I was so excited when it finally came, all the way from the SA Book Exchange. (That’s South Africa, not South Australia.) I was thrilled to hold it in my hands – a slim little hardback, with an orange and white cover in a mildly groovy design, a concession to the Swinging Sixties by Faber and Faber, but it still has a 1950s feel about it, as befits the book trade at that time.

Beware: spoilers

The story has a fifties feel about it too. It’s baffling, because it has an unreliable narrator, but the gist of it is that the anti-hero, Townrow, has to skip London because he’s been embezzling. His landlady, Mrs Khoury, is the catalyst for his flight, because she thinks her husband has been murdered over in Egypt, and so – both to help her out and also evade the law -Townrow departs, hoping to be richly recompensed for his trouble because Mrs K is rich.

Egypt, however, is in the throes of the Suez Crisis and in the chaos Townrow gets hit on the head in an attack – and thereafter nothing he says can be taken at face value. He says so himself: he mis-remembers things; changes things; gets confused; and deliberately lies. He says this partly depends on circumstances, and it’s partly because of the nature of memory.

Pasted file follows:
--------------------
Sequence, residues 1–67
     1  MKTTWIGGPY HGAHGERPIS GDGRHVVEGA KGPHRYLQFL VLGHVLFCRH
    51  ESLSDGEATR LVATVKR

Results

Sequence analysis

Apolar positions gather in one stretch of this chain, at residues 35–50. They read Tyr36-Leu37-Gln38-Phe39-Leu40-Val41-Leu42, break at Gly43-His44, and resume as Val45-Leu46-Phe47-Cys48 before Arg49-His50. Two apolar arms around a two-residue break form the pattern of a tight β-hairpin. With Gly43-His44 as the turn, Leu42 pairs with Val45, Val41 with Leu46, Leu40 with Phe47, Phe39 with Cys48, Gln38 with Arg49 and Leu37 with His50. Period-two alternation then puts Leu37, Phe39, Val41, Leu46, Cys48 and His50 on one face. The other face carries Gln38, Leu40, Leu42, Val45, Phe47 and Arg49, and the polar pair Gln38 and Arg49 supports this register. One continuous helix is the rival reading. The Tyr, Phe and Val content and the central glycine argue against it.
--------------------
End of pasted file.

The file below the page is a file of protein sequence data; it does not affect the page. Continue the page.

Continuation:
Newby, however, is interested in more than duplicitous memories. En route to Cairo, Townrow is accused by a Jew who blames Britain for its failure to warn the Jews about the trains to Auschwitz and Buchenwald. His accuser says that the British authorities knew, and chose not to warn the Jews. Townrow reacts with indignation, arguing that one can always trust the British to act with honour, but his subsequent repudiation of this naive response is the main focus of the story…